General Question

caly420's avatar

Is sunscreen actually bad for you?

Asked by caly420 (546points) May 1st, 2008

last night someone was trying to tell me that if you use a SPF 35 or above then it is actually bad for your skin and can lead to skin cancer?

Observing members: 0 Composing members: 0

6 Answers

andrew's avatar

That’s complete and total bunk, as any dermatologist will tell you.

wildflower's avatar

I don’t know about it causing skin cancer, but I did read an article a while back in a magasine that discussed the downside of constant use of sunscreen. Because sunscreen stops your skin absorbing UVA and UVB, you will also not absorb vit. A and D and this may result in a deficiency in extreme cases…

ppcakes's avatar

i hope not, i use spf 65 =x

edmartin101's avatar

Just as a word of caution “anything in excess is harmful to your health” If you only use sunscreen during summer time then I don’t see a problem with it. Make sure you read the label and find its side effects on google. There are sunscreen brands that use more natural ingredients, I bet supermarkets like wholefoods, trader joes, Mother’s market carry them.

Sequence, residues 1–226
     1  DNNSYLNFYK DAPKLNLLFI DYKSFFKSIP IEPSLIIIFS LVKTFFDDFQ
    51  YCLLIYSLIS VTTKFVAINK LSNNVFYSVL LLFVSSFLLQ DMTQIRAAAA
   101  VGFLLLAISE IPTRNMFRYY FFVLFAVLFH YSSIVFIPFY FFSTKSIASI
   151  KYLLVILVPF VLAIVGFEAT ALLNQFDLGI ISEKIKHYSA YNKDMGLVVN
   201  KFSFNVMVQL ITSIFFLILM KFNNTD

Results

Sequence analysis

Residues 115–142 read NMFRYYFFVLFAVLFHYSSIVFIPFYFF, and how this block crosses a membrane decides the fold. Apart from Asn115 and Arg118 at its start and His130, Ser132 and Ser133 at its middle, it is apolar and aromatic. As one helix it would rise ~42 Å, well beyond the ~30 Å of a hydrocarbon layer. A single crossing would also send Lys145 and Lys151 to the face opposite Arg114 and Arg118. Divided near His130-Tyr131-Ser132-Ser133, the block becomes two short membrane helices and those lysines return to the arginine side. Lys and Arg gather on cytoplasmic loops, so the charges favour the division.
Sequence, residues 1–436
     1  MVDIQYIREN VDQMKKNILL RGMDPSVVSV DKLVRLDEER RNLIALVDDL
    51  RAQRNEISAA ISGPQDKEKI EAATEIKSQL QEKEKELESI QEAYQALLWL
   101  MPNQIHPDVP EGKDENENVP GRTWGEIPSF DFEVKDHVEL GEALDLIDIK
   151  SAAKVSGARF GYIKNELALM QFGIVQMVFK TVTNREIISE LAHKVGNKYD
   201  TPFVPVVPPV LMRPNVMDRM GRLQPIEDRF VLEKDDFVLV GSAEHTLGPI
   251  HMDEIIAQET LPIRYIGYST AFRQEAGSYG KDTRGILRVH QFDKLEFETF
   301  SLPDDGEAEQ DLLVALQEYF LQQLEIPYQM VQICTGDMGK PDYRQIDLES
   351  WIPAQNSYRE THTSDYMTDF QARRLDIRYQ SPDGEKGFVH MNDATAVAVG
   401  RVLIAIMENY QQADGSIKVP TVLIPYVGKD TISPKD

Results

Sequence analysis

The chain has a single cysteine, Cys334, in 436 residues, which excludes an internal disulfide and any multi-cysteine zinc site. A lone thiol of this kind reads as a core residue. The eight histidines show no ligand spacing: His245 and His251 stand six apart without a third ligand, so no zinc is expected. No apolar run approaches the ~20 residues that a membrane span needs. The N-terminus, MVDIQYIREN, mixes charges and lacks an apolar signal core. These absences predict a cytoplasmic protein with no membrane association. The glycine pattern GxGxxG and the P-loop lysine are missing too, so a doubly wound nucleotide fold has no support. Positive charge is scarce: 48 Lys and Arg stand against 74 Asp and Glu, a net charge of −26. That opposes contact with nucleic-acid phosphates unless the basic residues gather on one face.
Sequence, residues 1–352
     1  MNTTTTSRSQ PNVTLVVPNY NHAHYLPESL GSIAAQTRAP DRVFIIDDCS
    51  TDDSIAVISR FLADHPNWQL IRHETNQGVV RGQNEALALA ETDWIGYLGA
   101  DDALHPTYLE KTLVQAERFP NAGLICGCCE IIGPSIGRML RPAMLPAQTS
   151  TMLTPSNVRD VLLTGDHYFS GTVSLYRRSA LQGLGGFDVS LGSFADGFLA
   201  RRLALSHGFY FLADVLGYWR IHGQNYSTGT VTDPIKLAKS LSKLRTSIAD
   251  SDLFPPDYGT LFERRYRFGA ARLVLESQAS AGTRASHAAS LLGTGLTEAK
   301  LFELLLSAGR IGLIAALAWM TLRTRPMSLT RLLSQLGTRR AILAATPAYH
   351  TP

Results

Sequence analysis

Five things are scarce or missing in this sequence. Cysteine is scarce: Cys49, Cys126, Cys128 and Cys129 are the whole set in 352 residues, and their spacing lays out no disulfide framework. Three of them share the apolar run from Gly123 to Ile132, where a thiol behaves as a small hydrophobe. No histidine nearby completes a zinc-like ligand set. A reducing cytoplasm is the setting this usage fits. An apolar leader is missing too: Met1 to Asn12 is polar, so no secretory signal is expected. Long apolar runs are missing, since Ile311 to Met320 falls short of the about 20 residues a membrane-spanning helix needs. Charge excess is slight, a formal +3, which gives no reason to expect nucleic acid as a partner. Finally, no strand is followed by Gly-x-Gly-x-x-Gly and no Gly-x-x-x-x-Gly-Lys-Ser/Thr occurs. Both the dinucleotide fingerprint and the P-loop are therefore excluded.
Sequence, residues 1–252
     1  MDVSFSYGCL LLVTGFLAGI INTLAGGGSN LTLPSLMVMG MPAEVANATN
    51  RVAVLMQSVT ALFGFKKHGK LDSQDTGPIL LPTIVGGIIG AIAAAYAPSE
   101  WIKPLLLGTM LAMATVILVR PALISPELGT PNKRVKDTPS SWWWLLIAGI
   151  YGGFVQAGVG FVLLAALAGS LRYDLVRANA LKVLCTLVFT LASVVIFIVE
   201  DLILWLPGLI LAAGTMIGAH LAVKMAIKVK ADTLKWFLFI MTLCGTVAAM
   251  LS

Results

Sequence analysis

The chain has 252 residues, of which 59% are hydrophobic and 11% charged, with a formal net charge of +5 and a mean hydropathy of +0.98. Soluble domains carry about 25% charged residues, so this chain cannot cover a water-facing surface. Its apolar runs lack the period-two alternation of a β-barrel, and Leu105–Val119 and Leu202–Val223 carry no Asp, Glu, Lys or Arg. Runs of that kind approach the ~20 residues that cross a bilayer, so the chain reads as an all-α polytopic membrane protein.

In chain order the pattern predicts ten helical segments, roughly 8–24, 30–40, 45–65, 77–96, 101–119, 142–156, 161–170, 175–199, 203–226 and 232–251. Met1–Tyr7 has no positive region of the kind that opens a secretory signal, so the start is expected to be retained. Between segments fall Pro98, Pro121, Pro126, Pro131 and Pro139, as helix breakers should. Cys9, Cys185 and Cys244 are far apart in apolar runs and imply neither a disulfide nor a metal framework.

Mtl_zack's avatar

it depends if the sunscreen has radical oxygen species. some sunscreens do and that could lead to cancer. the only way to prevent this is by re-applying every few hours. i know that coppertone has radicals. (i did a full year study on the effects of radiation on the skin, and i went in depth about sunscreen and its ingredients). try to get sunscreen with zinc and copper in it, because that isn’t absorbed by the skin, it lies on top of the skin and reflects the UV radiation. the other ingredients get absorbed into your skin and take the damage instead of the skin. these can be , but aren’t always, very harmful. the spf just means that 1/spf# of radiation gets through the barriers.

shilolo's avatar

Sorry Mtl zack, but your answer is only partially correct. Most sunscreens function as filters to prevent the ultraviolet (UV) mediated production of reactive oxygen species (ROS) in the epidermal layer. Sunscreens don’t have free radicals in them. However,some of these UV filter molecules can themselves generate ROS when exposed to UV radiation, but so far only one peer-reviewed research article has shown that this occurs in the deeper skin layers. You (and the cited article) do give good advice, which is to reapply sunscreen frequently and liberally.

Answer this question




to answer.

This question is in the General Section. Responses must be helpful and on-topic.

Your answer will be saved while you login or join.

Have a question? Ask Fluther!

What do you know more about?
Knowledge Networking @ Fluther